NBA Preseason Musings: Early trends that may matter later

NBA Preseason Musings: Early trends that may matter later

Preseason NBA basketball is here, which means we're not far off from the regular season tipping off. This is where I make the obligatory "you should take everything you see with a grain of salt" disclaimer, though we should know the deal with preseason hoops by now.

The "grain of salt" portion is key. If a projected eighth man in the rotation averages 18 points per game during the preseason, it's probably safe to assume they won't match those numbers when the games start counting. However, that doesn't mean that the player hasn't showcased skills that could lead to a successful season. 

By now, every team in the NBA has played at least one game. I won't bore you with 30 different takeaways — that may be a podcast episode/segment in the future — but here are a few things that have caught my eye so far. 


The Minnesota Timberwolves were pretty darn bad at defending last season. They ranked 28th in both defensive rating and field goal percentage allowed, largely because they hemorrhaged shots at the rim (fifth-largest share of rim attempts allowed).

I was annoyed watching the Wolves defend pick-and-rolls; specifically, I wasn't a fan of Karl-Anthony Towns operating in (a deep) drop coverage. He struggled to navigate the gap, either allowing fruitful shots from ball-handlers from playing too far back or giving up lobs from committing too early.

We saw a slight-but-important shift from the Wolves in their preseason opener; Towns is playing closer to the level of the screen when the action starts.

Beyond that, Anthony Edwards does his homework early by rotating down to the "nail" to cut off the roll from Willy Hernangomez. D'Angelo Russell could be in a "split the difference" scenario behind Edwards, but opts to stick to the corner. You generally don't want help from the strong side corner, but Josh Okogie is able to stunt at the drive, recover and contest the shot.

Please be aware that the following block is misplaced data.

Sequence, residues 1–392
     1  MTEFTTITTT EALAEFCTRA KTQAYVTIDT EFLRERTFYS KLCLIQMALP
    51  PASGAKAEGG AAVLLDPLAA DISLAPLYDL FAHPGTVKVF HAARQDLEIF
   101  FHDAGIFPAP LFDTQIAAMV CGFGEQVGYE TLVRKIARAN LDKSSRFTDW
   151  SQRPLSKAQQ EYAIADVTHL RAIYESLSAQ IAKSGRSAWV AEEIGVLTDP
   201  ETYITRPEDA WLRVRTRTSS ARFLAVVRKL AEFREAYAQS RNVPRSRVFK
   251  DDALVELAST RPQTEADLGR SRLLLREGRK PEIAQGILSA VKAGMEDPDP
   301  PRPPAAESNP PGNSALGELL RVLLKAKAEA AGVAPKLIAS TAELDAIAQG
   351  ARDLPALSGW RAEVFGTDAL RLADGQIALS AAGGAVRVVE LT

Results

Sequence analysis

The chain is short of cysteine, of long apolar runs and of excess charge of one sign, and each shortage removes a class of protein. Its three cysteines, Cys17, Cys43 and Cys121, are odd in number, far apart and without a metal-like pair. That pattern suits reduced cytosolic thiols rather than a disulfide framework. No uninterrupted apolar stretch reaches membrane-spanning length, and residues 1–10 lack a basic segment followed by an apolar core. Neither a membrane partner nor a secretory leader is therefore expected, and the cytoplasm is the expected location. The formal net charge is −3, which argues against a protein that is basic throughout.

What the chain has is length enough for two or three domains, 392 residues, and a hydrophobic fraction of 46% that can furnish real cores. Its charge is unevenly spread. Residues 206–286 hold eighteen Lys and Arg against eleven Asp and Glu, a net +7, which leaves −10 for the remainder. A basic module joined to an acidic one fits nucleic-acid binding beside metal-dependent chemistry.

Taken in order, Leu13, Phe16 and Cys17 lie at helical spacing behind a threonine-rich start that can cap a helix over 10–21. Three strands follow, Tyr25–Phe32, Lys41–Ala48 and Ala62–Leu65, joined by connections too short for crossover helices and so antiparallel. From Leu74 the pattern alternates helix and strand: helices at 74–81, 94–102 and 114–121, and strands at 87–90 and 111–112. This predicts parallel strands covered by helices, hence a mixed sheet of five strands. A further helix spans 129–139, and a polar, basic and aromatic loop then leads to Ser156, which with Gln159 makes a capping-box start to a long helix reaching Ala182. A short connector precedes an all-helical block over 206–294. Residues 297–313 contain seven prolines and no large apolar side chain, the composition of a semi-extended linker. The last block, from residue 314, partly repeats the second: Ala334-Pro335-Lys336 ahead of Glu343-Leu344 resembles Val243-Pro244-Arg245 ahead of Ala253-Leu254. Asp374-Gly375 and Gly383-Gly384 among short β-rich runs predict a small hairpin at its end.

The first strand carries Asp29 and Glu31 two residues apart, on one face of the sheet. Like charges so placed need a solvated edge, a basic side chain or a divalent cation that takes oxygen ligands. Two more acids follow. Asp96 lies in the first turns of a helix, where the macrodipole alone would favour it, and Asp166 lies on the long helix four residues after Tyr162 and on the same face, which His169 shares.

I really appreciate the energy the Wolves played with, as well as the schematic tweaks from last season. This doesn't mean they're going to be a good defense this year — the Russell-Towns pairing is one good teams can exploit regardless of scheme right now — but they at least look sensible. 


I wrote about Kyle Lowry's debut, so I won't rehash that. I'll instead turn my attention to a different guard the Heat hopes will have a major impact on the offense: Tyler Herro.

Herro didn't have a true "sophomore slump" last season, but he certainly didn't take the leap many were hoping for. Injuries/COVID, role changes and a shortened offseason all contributed to Herro's uneven year. He seems to have enjoyed the fruits of a full offseason; muscle has been added, which should only aide him as an on-ball creator.

Beyond that, the dude just looks smooth. His combination of footwork and touch allows him to get to a variety of pull-ups, side-steps and stepbacks almost at whim.

If this is the level of shot-creating the Heat can expect from Herro this year, second units are going to have their hands full dealing with him.


I was excited to see Josh Giddey, the OKC Thunder's sixth overall pick from this year's draft, during Summer League play. His first game was against Cade Cunningham and the Detroit Pistons. A matchup for the ages in my jumbo-wing-creator-enthusiast eye.

So of course, Giddey got hurt in what felt like 10 seconds and the dream died with his absence.

Giddey made his real debut on Monday and didn't disappoint: 18 points, 7 rebounds and 3 assists in a little under 29 minutes.

My official analysis: Sign me the heck up.

Three assists undersold the kind of passing game Giddey had. He made good decisions just about any time he was able to generate a deep paint touch. I want to see more from his jumper moving forward — his spot-ups look a bit wonky to me (though he shot 2-of-4 from three), so I'm curious to see what his mechanics look like off the dribble. 


This isn't me projecting Achiuwa to have some sort of insane leap; I mostly mean he's actually going to get the oppportunity to do stuff. He didn't get much leeway during his rookie season in Miami. Relegated to handoff, screening and glass-crashing duties, Achiuwa was a bit pigeonholed before (rightfully) losing a consistent spot in the rotation as playoff time approached.

The Toronto Raptors don't have title aspirations this season, nor do they have an All-Star center blocking the path to heavy minutes like the Heat with Bam Adebayo. This year is set up for Achiuwa to be given some freedom, so it's nice to see him have the flashes he's had so far.

Eurosteps in transition, pull-up jumpers, three-pointers — he's already taken more threes (2) than he did last season (1). Achiuwa has been allowed to push the break after grabbing rebounds.

I'm here for it, honestly.

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